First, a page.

Global private wealth has been growing fast in recent years, exceeding economic growth worldwide. With the number of millionaires reaching 24 million in 2019, and the Fintech industry offering new services to people with more limited amounts of disposable income, the value of assets held by the private wealth managers increased significantly in the last decade.
According to data gathered by BuyShares, the total value of the global private wealth surged by 80% in the last ten years, reaching $226.4trn in 2019.
North America Holds 45% of the Global Private Wealth
In 2010, the combined value of assets held by the private wealth managers amounted to $133.3trn, revealed the BCG Global Wealth 2020 report. Almost 60% of that amount occurred in cash and deposits and life insurance and pensions.
Despite the European sovereign debt crisis, the private wealth hit $180trn value in 2015, a 35% jump in five years. The increasing trend continued in the following years, with the total value of assets in the private wealth management sector reaching $207trn in 2018.
Statistics indicate that in 2019, the value of the private wealth has witnessed the most significant increase in the last two decades, growing by $19trn year-on-year, and reaching $226.4trn globally.
Analyzed by geography, North America represents the leading region holding $100trn or 45% of the global private wealth last year. The amount of private wealth in Western Europe, the second-largest region globally, reached $46.8trn in 2019, a $10.1trn increase in six years. Asia, Japan, and Latin America follow, with $42.1trn, $17.6trn, and $5.6trn value, respectively.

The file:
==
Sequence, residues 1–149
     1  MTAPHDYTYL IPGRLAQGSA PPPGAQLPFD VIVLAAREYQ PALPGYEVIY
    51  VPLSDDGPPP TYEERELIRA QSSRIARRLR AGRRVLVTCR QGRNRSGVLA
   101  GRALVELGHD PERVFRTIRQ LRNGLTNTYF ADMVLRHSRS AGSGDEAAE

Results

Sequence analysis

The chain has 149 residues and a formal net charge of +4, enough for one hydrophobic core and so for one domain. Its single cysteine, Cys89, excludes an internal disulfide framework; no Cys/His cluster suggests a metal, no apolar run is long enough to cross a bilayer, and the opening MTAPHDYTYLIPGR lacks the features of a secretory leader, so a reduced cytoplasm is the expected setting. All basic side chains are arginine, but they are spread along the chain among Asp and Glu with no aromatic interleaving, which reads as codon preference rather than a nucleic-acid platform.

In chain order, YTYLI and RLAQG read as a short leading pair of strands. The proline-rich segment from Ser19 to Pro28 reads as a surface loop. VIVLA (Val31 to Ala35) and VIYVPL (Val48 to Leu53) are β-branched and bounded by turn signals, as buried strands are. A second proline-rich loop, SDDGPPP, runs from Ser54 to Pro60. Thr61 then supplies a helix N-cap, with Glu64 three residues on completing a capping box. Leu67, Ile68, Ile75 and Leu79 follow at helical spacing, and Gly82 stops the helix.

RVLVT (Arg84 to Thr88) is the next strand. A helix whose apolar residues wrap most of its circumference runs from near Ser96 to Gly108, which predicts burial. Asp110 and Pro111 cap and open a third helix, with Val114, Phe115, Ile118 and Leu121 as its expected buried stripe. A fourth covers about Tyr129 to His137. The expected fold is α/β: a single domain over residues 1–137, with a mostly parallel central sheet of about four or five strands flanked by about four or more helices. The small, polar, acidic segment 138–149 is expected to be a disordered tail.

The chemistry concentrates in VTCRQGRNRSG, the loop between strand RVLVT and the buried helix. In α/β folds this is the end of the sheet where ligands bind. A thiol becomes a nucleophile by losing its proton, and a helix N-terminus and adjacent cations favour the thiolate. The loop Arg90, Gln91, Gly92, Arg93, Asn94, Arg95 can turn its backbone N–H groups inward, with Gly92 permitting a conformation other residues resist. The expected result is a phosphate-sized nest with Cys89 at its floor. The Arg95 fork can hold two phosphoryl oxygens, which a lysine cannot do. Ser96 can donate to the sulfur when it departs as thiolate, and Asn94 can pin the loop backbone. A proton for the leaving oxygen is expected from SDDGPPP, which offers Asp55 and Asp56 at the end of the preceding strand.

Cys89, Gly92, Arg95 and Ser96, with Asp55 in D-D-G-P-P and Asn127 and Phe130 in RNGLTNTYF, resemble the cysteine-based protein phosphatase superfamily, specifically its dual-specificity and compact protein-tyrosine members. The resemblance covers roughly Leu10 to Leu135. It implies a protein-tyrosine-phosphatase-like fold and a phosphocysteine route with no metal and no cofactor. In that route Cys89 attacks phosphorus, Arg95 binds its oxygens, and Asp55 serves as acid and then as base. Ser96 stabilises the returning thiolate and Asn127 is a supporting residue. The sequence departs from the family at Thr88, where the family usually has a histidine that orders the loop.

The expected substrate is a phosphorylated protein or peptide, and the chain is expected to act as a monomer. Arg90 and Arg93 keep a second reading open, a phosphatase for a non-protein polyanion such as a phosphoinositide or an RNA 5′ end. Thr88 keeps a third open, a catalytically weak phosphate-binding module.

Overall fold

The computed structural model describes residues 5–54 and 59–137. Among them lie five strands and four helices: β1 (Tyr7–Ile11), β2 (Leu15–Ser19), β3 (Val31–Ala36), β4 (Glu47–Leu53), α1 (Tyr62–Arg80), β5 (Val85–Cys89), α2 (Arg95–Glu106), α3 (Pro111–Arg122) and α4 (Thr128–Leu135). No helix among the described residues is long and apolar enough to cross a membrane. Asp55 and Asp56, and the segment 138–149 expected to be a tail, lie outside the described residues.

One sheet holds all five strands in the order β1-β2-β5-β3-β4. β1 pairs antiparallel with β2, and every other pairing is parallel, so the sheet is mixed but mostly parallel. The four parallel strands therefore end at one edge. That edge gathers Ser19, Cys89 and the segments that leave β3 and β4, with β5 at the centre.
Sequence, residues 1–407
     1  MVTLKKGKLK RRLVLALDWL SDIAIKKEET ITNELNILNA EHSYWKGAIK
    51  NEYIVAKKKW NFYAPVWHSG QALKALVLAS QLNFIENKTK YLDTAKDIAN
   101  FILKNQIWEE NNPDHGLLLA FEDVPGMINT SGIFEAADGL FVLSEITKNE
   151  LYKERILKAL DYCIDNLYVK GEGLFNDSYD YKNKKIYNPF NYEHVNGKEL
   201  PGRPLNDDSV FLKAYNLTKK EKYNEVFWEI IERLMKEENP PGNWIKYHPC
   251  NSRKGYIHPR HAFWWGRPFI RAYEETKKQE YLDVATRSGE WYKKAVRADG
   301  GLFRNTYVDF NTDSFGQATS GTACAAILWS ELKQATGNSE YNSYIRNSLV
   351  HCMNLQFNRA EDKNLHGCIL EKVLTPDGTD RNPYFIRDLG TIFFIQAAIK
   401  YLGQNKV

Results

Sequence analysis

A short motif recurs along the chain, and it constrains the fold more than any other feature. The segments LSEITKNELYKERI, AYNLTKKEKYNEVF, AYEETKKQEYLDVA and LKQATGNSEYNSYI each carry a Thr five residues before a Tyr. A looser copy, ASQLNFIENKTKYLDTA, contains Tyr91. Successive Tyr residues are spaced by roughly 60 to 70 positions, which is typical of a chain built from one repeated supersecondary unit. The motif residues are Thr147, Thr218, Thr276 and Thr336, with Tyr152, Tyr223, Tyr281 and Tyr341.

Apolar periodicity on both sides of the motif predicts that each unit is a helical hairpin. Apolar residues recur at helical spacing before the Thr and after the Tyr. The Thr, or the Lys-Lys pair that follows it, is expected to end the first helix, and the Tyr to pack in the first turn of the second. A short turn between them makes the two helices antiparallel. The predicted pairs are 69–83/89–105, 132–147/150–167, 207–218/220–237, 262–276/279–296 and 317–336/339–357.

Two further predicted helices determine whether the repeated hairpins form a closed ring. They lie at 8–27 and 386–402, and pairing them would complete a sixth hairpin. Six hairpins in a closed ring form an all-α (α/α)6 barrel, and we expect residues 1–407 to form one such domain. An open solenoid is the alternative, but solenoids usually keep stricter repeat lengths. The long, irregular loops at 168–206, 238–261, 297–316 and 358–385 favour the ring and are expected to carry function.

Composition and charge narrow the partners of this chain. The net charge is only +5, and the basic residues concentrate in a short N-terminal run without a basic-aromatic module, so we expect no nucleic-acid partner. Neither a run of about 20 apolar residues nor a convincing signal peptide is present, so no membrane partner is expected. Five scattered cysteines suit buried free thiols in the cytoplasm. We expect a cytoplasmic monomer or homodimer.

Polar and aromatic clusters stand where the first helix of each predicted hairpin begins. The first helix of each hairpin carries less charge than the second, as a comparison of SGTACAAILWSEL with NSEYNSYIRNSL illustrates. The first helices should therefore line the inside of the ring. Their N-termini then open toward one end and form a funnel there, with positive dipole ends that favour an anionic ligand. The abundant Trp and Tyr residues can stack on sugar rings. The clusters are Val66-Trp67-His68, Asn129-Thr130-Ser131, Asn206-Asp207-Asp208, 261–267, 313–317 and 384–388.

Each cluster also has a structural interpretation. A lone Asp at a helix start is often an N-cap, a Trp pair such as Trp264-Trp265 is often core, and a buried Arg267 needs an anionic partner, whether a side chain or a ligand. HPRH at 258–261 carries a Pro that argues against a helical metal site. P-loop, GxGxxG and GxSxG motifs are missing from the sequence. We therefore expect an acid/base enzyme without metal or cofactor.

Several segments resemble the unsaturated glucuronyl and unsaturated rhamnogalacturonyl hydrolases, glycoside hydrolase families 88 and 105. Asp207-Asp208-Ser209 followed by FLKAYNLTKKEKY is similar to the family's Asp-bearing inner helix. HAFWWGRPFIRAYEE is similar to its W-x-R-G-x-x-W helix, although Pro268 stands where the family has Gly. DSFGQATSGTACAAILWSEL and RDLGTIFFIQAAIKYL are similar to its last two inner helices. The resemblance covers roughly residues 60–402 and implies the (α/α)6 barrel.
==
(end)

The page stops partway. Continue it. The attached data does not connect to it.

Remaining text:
However, statistics indicate the “growth markets” of Asia, Eastern Europe, Latin America, and the Middle East and Africa witnessed rapid expansion in the last decades, driven by strong GDP performance and higher rates of individual savings. In 2009, these markets held 17.3% of the global private wealth. Mature markets, including Japan, North America, Oceania, and Western Europe, held 82.7% of the global private wealth assets. By the end of 2019, the growing markets increased their share to 25.3%, while the mature markets held 74.7% of the global private wealth.
Switzerland Accounts for One-quarter of Global Cross Border Wealth
The BCG Global Wealth 2020 report also revealed that cross-border wealth surged over the past 20 years, growing from $3.1 trillion in 1999 to $9.6 trillion in 2019. However, this figure is expected to decline by 5.4% to 10.2% in 2020, driven by capital markets’ performance.
In 2019, Western Europe accounted for 24% of the global cross-border wealth. This figure is expected to drop below 20% by 2024. However, Asia’s share of cross-border wealth is set to reach 40% in the next four years. The Middle East and Latin America are also forecast to witness their share of cross-border wealth grow slightly faster than the global average.
Statistics show Switzerland remains the leading destination, accounting for $2.4trn or one-quarter of global cross-border wealth in 2019. With a $1.9trn value of assets, Hong Kong ranked as the second-largest hub for cross-border wealth. Singapore, the United States, and the Channel Islands follow with $1.1trn, $0.8trn, and $0.5trn, respectively.
Economic recovery from the COVID-19 pandemic will define the growth of global private wealth in the following years. In the case of the slow recovery, the survey predicts the global private wealth to fall to $215trn in 2020 and then grow to $265trn in 2024.
The lasting damage scenario is forecast to cause a drop to $210 trillion in 2020. In that case, the global private wealth is expected to increase to $243trn in 2024, growing by CARG of 1.4%.